Hey, Pitch readers.
We published a bunch of year-end reflections
this week, with Martin’s column about the Year in Stupidity, my
take on the year in Funk and Gloria, Charles Ferruzza’s recap of
a horrible year in the local restaurant industry. In print, look for Forester
Michael’s cool photos of the year in music.
But that copy went to bed a couple weeks ago, and mostly
I’ve just been thinking about the year ahead. First, we had to get
through an agonizing last week of 08. Here at The Pitch, we’d avoided
much of the bloodletting like that at the Star. We’ve always been lean
— we didn’t have room to mess with stories about how to organize
didn’t have the luxury of wasting beats, and we could never afford
inflated sports writers dragging down our budgets. Also unlike the dailies, our papers have always been free. We know how to make money by giving away
free, high-quality information — and that’s serving us well in Web world.
That’s not to
say we haven’t suffered along with everyone else — except for a
privileged few — in the Bush economy. Honest, hard-working people bankroll The Pitch with their advertisements; in return, we
provide businesses with readers who become customers. But after eight
long years of whatever is the opposite of “compassionate conservatism,”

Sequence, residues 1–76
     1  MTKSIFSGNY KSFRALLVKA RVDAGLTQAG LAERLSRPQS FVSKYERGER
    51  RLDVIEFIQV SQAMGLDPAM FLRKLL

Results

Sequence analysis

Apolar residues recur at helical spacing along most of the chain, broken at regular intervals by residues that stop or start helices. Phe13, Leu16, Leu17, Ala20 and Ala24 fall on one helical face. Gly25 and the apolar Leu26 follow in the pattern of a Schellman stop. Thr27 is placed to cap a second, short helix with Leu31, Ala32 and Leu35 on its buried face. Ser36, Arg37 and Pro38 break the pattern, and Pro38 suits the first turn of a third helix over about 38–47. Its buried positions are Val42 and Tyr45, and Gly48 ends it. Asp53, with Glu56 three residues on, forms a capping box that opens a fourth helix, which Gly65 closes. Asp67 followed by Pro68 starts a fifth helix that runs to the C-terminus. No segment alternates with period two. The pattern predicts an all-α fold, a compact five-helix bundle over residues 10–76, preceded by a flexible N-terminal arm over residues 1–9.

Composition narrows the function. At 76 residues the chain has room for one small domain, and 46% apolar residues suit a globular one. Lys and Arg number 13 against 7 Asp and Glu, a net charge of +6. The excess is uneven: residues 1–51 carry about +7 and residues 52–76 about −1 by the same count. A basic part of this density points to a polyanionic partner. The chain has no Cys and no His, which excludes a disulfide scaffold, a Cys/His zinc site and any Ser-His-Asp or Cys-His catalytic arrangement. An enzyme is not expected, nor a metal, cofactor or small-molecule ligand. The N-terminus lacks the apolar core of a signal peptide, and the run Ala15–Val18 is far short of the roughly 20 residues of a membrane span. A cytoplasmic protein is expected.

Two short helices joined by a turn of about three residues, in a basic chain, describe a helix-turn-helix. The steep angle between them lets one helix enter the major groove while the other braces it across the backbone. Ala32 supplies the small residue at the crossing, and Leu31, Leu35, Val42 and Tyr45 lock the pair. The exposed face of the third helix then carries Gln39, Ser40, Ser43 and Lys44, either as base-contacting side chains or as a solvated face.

we’re left with an economy in ruins. And we’ll be honest: It’s torn a
hole in part of The Pitch. Last week, we laid off two of our comrades
in the editorial department. We restructured several other jobs,
cutting hours and, in some cases, benefits. Our bosses announced they
wouldn’t match our 401(k) plans until further notice. We won’t get
raises for the foreseeable future. Top editors and publishers took pay
cuts. This is apparently what we have to do to survive until the economy improves.
It breaks our hearts to lose co-workers, but it hasn’t
broken our spirit. Dozens of people still work at The Pitch as always, either full-time, part-time or freelance — and we’re pissed.
And we’ll drink at local bars. Eat at local restaurants. Watch local theater. Buy
local art. Pay cover charges to see local music. Because we’re just
like everyone else in this town, and these are the things that keep us
strong. — C.J. Janovy